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And Then They Came for Me: Remembering the World of Anne Frank

Madelyn Mikshowsky, left, and Jennifer Burchell will be performing in “And Then They Came for Me: Remembering the World of Anne Frank,” which opens Sept. 17 at the Weber Center for the Performing Arts.

Seventy-two years after her death, Anne Frank remains perhaps the most well-known face of the Holocaust, a young girl trapped in the horrors of the Nazi regime. At 16, she succumbed to typhus at the Bergen-Belsen concentration camp, but her former boyfriend Ed Silverberg and future stepsister Eva Schloss survived, and their stories of hope and fear and are interwoven in "And Then They Came for Me: Remembering the World of Anne Frank," which will be staged Sept. 17, 19 and 20 by the La Crosse Community Theatre.

The multi-media production, written in 1999 by playwright James Still, combines narration, monologues and live acting interspersed with videotaped accounts from Silverberg and Schloss, recreating the devastation of Nazi Germany during World War II and their struggle to survive.

"The play is sort of a memoir," said director Sara Adams, who first saw the production at the Appleseed Community Theater in La Crescent. "You have these three family journeys that overlap in a way yet have completely different survival stories or completely different outcomes."

Silverberg, who at 16 dated a 13-year-old Anne, was sent to live in Amsterdam after Kristallnacht, and managed to escape from a Nazi truck and flee to Brussels, Belgium, where he remained in hiding for more than two years before the city's liberation.

Schloss, who lived in the same Amsterdam apartment building as the Franks, hid with her own family for two years, and was captured by Nazis on her 15th birthday. The  family was sent to the Auschwitz-Birkenau concentration camp, where her father and brother died. She and her mother, Elfriede Geiringer, spent eight months in captivity until Russian troops liberated Auschwitz-Birkenau, and they eventually returned to Amsterdam. There they reconnected with Otto Frank, the sole survivor of the Frank family, who lost daughters Anne, 16, and Margo, 19, to typhus and wife, Edith, to starvation. Otto and Elfriede later married.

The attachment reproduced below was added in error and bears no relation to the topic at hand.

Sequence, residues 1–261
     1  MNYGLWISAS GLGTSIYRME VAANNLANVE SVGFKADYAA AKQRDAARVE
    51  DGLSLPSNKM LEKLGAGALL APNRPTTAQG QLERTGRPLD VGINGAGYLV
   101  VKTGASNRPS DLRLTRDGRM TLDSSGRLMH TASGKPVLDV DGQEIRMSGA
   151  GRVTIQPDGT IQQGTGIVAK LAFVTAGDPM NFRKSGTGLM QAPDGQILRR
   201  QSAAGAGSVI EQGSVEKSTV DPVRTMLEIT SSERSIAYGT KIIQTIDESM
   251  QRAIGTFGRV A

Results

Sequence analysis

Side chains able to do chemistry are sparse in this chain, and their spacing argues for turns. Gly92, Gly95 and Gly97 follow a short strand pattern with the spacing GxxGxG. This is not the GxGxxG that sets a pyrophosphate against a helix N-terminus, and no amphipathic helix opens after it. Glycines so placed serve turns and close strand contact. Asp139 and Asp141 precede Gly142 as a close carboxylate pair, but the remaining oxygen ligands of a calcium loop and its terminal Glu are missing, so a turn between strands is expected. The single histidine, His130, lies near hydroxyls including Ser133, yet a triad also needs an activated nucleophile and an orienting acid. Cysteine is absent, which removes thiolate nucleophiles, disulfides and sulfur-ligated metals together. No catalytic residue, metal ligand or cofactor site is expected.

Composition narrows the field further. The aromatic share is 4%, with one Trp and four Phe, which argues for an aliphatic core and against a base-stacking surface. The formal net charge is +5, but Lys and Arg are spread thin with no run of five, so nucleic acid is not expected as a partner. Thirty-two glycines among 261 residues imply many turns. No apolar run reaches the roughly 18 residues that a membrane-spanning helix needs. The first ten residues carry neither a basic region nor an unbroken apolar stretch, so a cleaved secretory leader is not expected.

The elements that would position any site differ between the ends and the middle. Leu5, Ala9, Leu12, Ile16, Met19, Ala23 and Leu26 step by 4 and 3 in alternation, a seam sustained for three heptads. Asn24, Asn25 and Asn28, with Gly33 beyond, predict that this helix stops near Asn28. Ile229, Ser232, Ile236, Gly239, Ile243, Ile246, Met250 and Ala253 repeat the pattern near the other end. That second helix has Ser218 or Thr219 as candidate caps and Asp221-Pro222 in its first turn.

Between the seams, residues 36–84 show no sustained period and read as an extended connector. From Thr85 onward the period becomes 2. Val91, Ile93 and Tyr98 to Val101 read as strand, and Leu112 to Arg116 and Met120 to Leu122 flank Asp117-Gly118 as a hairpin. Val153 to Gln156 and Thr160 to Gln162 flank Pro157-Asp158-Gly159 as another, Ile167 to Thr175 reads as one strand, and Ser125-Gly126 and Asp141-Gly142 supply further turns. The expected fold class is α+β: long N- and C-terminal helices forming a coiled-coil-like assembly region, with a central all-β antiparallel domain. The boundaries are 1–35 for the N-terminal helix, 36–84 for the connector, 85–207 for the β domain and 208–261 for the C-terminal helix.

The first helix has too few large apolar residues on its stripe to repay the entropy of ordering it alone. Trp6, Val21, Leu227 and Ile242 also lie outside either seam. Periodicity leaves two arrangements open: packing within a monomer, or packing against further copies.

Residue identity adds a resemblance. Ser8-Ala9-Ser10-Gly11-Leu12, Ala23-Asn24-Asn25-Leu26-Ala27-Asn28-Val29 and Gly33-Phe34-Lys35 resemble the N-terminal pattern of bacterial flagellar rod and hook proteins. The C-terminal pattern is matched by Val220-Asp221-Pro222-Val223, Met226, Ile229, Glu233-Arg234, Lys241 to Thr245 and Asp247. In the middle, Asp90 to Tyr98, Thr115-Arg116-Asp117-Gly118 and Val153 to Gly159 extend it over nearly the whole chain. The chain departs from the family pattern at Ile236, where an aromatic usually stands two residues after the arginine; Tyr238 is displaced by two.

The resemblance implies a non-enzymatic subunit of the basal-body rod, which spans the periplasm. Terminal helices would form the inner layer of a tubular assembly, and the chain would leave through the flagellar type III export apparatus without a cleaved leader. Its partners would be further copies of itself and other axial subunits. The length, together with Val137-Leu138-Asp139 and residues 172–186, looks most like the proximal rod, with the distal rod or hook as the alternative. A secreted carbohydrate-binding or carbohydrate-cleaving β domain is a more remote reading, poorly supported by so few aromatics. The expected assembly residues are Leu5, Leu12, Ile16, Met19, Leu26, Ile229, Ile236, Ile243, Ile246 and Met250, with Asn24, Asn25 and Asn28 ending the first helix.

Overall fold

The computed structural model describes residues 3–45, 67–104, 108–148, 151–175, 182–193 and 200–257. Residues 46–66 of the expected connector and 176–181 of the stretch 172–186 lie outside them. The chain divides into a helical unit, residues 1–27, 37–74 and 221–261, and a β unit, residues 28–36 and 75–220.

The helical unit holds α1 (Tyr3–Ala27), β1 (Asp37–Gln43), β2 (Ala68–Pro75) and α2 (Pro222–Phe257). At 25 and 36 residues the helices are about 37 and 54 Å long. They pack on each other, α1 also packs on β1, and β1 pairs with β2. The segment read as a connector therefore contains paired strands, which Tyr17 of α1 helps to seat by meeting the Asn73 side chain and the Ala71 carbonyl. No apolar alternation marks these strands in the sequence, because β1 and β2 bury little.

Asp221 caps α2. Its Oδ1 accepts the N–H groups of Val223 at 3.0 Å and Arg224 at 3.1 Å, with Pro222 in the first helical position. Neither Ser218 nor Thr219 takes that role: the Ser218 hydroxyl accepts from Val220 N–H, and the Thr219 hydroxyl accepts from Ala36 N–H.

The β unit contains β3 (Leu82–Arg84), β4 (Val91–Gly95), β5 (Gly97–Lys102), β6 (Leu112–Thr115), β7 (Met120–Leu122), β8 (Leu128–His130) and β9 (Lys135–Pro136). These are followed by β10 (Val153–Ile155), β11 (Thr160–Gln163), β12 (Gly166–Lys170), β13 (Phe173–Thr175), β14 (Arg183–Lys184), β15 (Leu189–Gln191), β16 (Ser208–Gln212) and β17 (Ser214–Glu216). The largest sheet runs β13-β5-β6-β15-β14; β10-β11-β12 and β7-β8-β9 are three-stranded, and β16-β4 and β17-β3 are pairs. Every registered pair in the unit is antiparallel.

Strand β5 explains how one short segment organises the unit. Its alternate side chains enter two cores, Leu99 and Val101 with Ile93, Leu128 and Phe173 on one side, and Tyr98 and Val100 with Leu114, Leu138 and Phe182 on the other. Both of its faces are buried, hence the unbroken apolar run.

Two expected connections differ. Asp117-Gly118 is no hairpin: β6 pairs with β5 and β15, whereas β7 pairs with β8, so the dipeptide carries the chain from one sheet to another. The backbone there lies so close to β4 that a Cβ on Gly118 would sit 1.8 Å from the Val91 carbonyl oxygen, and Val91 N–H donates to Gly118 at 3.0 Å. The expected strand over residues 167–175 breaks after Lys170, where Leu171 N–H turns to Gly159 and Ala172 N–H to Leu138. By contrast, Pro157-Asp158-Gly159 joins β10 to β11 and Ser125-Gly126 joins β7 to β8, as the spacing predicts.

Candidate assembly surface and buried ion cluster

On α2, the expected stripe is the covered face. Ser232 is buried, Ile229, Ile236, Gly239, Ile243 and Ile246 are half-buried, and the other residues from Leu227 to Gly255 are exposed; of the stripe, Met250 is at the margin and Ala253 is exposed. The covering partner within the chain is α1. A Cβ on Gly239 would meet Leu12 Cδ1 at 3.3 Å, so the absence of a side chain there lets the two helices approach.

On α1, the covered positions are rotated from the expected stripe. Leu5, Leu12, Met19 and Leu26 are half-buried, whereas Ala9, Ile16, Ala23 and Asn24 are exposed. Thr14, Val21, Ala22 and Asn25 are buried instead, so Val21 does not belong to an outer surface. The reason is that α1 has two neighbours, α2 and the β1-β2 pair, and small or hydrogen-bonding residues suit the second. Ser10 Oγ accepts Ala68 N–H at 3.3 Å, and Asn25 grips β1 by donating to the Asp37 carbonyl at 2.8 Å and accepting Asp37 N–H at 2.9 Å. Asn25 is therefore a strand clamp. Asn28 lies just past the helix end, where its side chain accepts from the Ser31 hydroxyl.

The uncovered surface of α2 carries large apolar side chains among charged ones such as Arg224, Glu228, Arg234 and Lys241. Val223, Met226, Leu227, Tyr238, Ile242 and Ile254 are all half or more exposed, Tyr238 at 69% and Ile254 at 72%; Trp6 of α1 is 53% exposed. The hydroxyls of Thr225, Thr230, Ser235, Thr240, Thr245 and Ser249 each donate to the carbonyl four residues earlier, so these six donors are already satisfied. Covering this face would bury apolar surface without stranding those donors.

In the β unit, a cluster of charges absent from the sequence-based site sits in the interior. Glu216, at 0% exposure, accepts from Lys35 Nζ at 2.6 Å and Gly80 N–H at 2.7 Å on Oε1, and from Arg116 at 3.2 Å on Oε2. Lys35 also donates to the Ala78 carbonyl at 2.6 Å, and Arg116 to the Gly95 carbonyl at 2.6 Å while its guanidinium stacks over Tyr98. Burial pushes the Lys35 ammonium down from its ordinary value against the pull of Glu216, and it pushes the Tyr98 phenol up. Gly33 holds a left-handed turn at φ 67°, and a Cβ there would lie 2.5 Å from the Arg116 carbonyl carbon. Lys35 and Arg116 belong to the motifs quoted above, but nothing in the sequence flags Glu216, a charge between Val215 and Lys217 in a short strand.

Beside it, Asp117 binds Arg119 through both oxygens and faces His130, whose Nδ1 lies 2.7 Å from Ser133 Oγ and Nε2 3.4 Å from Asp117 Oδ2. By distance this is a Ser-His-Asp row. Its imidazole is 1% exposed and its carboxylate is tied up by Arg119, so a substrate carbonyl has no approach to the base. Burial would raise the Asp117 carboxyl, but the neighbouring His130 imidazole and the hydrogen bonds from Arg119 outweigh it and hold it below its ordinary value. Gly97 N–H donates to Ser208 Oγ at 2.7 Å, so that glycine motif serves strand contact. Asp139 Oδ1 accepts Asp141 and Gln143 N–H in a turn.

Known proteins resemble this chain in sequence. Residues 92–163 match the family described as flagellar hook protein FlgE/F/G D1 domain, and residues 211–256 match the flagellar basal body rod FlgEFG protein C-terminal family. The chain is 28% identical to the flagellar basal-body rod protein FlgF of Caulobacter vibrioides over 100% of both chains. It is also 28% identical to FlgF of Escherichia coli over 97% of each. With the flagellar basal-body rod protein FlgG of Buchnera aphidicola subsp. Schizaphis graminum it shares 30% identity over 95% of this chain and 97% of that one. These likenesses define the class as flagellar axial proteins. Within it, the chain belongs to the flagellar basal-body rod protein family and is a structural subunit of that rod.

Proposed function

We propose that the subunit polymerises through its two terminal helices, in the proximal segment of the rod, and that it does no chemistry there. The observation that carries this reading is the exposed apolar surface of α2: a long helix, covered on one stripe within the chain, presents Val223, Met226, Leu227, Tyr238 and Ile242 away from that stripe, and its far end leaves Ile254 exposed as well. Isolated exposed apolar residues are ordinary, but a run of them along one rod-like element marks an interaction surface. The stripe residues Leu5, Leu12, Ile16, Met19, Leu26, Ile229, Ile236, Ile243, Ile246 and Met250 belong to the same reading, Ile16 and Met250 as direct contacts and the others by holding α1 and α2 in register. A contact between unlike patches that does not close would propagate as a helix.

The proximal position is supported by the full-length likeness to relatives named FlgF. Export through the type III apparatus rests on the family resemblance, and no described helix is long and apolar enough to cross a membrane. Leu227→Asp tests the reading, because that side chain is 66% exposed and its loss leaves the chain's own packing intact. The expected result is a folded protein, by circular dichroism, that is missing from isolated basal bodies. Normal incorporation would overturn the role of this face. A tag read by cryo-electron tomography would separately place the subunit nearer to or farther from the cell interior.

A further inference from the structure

The families of Schloss and Silverberg are portrayed in the production, along with Anne and a Hitler youth, the only character not based on a real person.

"To me he's actually one of the most interesting characters," Adams said of the Hitler youth, played by teen Joshua Kaiser. "I think a lot of things he has to say are really quite shocking. (Kaiser) is an exceptional actor — it's really a horrible thing to put yourself in that (role) in particular."

Adams, who studied "The Theatre of the Holocaust" in college and found herself drawn to the stories of young survivors, said rehearsals have been difficult at times for the five teen actors in the cast.

"We've definitely been going through the growing pains of allowing actors to be in such vulnerable positions of terror, really," Adams said. "We've had some really emotional days."

"There are some pretty intense scenes — when we first read (the script) it was heartbreaking," said Madelyn Mikshowsky, 17, who portrays Eva as a teen. "Obviously, you learn about it in school but you don't get the full effect of it. But when you're in a play you get the full emotion of what these victims experience. ... I've definitely realized how bad it was."

The cast and crew are diligent about checking in on feelings and talking through particularly harrowing scenes, and Adams notes the production has a few lighthearted moments.

"It will definitely bring tears, you will gasp audibly probably, but there are some laughs ... and there are some real moments of hope," Adams said. "Some theater is all about being entertained and having fun, but there are also opportunities to educate. ... I get to help tell these stories on the stage and follow Eva's goal of making sure they stay alive and relevant."

Schloss, now 88 and living in London, will be at each show in person, hosting a question-and-answer session at the conclusion. For decades, Schloss declined to discuss her experience, but since 1985 she has been promoting Holocaust education around the world, giving talks and writing books.

Schloss has previously expressed both frustration at living in Anne's shadow and gratitude for being spared, stating in a 2013 interview, "After my mother married Otto I started to be introduced as Anne Frank's stepsister. I thought, 'I am still a person, I have a name and I lived through the same things she did.' ...I eventually accepted it. I thought, 'I have a life, I have a family, I have children and Anne has nothing.'"

The cast will meet Schloss for the first time at their opening performance, and while Mikshowsky is honored to portray a young Schloss and give recognition to her harrowing ordeal, she is admittedly intimidated to perform in front of Schloss herself.

"It's stressful knowing she's going to be watching me — I can't wrap my head around it," Mikshowsky said. "I'm super nervous. I don't know if I'm going to be good enough for her. But the director reminds us that one thing Eva wanted to do is reunite her family through stage, and I'm excited to do that."


General assignment reporter

Emily Pyrek covers human interest stories, local events and anything involving dogs for the La Crosse Tribune. She is always interested in story ideas and can be contacted at

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